Seems like “slow” best describes overall action on regional still waters this summer, and that makes the reason for so few reports from us. Few visits we have heard of to Chesterfield, Hawkins, Treasureton and Twenty-Four Mile have been very productive (try leech patterns at depth). Likewise, best action at Sand Creek Ponds seems to be during early AM hours (try soft hackle patterns just below the surface). That’s not surprising when reports of mid day water temperatures being as high as in the low 70s degrees F. are frequent here. Springfield Reservoir has been slow except for those who know where springs enter or are submerged. Cooler water here acts as a comfort haven, especially for larger fish so dependent on dissolved oxygen content. Daniels Reservoir produces depending on who offers a report. Seems like presenting midge pupa patterns under an indicator works after the taking depth is found.
Consider trying still waters at higher elevations where cooler air predominates. Aldous Lake is a good candidate if you do not mind walking a mile and a quarter mostly uphill while carrying a flotation device with waders and fins. Cutts in this small lake responding to speckled dun and damsel fly activity or taking small leech patterns could make it worth the effort. Lower Palisades Lake is a four mile walk from the trail head with best fishing (try leech patterns) where the inlet enters at the northeast corner. Don’t want to walk that far, you say? Horseshoe Lake is at about 6000 feet elevation and can be reached off the Cave Falls Road by a gravel road good enough with care for passage by a sedan. The reward is the only roadside grayling population in this part of Idaho. As soon as speckled duns begin emerging, these fish, along with resident rainbows, become active and respond not only to soft hackle patterns just below the surface, but to any dry pattern resembling one of these insects. True, a bragging fish here is about a foot long, but their beauty makes up for size. So use that light weight tackle to best enjoy them.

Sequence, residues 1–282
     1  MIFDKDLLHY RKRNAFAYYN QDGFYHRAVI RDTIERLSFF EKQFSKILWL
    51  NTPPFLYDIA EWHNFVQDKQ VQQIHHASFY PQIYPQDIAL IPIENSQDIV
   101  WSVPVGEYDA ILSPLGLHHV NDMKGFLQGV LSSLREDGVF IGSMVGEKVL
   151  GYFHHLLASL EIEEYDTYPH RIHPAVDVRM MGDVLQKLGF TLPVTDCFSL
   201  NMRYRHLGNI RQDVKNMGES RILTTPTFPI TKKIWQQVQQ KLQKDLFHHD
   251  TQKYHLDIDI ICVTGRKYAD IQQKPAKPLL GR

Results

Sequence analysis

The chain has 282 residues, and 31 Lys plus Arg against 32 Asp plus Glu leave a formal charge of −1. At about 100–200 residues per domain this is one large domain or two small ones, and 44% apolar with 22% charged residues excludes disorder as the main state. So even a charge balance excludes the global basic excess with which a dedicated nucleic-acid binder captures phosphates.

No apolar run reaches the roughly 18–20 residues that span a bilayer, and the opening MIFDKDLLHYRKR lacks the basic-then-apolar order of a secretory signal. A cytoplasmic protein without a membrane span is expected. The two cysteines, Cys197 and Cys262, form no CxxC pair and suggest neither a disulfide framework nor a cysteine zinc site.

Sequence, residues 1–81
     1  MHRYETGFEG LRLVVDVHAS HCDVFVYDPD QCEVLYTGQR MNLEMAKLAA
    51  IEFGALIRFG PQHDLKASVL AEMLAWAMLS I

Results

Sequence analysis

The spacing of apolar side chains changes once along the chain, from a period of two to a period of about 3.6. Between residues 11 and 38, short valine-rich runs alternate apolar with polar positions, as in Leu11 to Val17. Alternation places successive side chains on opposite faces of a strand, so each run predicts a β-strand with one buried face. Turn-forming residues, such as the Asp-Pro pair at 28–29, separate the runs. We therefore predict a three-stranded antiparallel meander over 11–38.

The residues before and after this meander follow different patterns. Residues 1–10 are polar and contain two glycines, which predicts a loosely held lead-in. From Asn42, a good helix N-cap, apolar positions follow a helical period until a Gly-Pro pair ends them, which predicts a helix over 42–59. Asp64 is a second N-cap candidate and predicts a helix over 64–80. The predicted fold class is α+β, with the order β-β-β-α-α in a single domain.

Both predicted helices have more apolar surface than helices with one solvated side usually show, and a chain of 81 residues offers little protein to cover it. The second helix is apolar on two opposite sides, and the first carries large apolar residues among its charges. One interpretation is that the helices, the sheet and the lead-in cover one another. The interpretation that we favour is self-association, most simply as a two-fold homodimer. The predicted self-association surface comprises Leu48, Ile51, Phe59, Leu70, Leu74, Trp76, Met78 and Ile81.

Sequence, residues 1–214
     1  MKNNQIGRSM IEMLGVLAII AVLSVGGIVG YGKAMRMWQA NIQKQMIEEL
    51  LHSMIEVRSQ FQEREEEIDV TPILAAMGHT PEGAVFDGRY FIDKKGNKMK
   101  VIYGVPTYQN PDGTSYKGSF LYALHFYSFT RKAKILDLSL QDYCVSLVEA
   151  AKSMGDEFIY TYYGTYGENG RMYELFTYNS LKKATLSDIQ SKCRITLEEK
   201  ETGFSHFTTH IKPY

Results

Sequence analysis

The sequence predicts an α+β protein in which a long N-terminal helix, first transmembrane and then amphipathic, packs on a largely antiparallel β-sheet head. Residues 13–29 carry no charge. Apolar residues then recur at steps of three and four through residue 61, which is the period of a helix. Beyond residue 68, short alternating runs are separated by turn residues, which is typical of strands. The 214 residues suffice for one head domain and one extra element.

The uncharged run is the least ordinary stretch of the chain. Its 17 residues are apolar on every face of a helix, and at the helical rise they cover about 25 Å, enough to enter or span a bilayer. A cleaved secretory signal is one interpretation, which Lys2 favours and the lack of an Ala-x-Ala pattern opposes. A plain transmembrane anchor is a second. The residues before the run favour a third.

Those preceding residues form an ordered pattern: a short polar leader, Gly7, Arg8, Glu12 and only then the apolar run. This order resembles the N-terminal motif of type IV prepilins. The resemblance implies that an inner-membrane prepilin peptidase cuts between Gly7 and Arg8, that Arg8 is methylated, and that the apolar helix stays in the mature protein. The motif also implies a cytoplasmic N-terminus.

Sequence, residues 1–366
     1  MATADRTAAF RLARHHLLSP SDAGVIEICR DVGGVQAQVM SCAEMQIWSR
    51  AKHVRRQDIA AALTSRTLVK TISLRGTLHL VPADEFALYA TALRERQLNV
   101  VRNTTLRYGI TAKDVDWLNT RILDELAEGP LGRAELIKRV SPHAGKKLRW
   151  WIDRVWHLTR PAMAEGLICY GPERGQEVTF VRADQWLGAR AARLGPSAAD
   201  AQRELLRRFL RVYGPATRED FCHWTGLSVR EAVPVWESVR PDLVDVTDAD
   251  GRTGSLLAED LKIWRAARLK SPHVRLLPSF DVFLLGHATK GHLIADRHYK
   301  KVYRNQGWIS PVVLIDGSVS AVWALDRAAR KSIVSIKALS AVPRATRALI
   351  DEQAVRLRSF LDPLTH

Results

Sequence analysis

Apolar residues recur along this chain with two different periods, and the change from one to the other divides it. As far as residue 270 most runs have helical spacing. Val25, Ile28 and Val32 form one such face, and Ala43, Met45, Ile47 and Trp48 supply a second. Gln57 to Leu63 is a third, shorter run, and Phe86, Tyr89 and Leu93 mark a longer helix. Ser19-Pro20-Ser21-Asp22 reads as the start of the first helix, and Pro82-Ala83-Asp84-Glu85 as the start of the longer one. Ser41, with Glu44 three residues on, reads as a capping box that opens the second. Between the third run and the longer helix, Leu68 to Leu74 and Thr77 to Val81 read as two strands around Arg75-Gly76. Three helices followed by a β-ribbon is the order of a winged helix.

In any case, cooler weather will arrive as September advances, and the resulting effects on most still waters will bring back the action we have been waiting for.